However, there are two differences  between  Beckworth / Wren / Portes (BWP) and Positive Money. One is that BWP advocate the combining monetary and fiscal policy ONLY when interest rates are near zero. Wren-Lewis’s reason, as I understand it, is that PURE monetary policy is better for adjusting demand when rates are well above zero. Frankly I’m baffled. I set out a string of reasons here for thinking that interest rate adjustments are a poor way of influencing demand. Plus Positive Money and co-authors set out further reasons here.
Second, BWP want their “fiscal plus monetary at the zero bound” policy to take the form ONLY of feeding money into private sector pockets so as to boost private sector spending. My answer to that is: what about the public sector?
If the electorate has voted to split GDP in some specific ratio (which is actually what the electorate does at election time) it is not very democratic to then boost JUST ONE SECTOR when stimulus is needed.
So to summarise, and to be thoroughly patronising, it’s good to see some of the world’s leading economists stumbling their way in the direction of the policies advocated by lil old Positive Money. If the above economists could just drop the above two erroneous elements in their proposals, then they’d have adopted PM policy lock stock and barrel.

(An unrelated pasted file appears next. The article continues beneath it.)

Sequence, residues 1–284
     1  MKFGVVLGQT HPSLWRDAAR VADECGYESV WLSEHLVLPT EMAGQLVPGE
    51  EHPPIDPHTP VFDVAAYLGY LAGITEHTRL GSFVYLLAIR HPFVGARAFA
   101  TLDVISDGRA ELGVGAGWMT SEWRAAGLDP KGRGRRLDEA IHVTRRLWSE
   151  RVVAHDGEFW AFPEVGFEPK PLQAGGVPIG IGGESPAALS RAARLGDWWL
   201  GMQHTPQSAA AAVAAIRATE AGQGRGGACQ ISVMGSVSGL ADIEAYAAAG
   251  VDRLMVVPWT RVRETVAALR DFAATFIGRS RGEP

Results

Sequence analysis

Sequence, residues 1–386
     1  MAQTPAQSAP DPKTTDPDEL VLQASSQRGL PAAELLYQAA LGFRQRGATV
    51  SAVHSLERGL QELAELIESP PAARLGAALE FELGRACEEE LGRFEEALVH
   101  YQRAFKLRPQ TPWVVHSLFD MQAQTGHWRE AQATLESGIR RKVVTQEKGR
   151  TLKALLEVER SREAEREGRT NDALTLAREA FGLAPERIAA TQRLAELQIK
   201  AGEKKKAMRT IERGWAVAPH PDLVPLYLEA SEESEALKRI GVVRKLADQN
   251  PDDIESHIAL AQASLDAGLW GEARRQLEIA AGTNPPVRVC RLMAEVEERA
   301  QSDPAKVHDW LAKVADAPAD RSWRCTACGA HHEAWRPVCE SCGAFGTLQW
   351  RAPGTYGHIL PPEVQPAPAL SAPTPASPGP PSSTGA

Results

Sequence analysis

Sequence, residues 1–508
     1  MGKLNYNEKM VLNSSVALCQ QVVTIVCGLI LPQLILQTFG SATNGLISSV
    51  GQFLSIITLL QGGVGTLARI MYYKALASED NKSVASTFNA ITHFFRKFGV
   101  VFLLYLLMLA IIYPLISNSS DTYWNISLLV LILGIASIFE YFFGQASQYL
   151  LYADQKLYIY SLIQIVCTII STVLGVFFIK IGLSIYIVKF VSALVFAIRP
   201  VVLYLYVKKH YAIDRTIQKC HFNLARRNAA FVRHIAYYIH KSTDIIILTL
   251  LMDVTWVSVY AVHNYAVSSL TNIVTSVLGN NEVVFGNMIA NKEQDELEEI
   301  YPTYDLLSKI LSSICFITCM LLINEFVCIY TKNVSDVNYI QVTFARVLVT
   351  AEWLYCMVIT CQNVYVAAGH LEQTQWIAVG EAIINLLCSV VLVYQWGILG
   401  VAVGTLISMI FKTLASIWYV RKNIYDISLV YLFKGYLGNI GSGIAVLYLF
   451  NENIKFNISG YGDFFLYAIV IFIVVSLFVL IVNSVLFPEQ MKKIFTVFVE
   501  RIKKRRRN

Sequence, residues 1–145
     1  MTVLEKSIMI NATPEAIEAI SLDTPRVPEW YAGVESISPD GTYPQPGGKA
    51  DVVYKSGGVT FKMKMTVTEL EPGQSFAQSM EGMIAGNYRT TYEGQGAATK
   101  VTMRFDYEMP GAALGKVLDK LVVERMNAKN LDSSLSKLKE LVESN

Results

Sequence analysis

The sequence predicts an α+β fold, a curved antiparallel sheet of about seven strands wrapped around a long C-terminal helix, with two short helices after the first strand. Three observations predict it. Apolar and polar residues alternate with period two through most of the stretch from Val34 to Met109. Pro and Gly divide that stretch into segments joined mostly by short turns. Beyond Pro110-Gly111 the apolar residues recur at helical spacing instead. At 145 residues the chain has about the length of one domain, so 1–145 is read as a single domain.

Incidentally, and this is hilarious, Positive Money is often accused of being “undemocratic” in that PM advocates that a committee of economists decide what stimulus should be implemented from time to time. E.g. see the attacks on PM policy in the comments after this article by Frances Coppla. The latter attacks are of course nonsense in that it’s perfectly normal for  “undemocratic” committees (e.g. the Bank of England Monetary Policy Committee in the UK) to determine stimulus, or have a big say in stimulus.  Thus the allegedly undemocratic nature of the committee that would determine stimulus under PM’s system is just as much a characteristic of committees like the BoE MPC. Ergo, if PM’s committee IS undemocratic, that’s not a reason to criticise PM’s system.
At any rate, if it’s “undemocratic” that the latter numpy critics of PM want, I suggest they re-direct their fire towards the Beckworth / Wren-Lewis / Portes lot: the latter are clearly much more undemocratic than PM.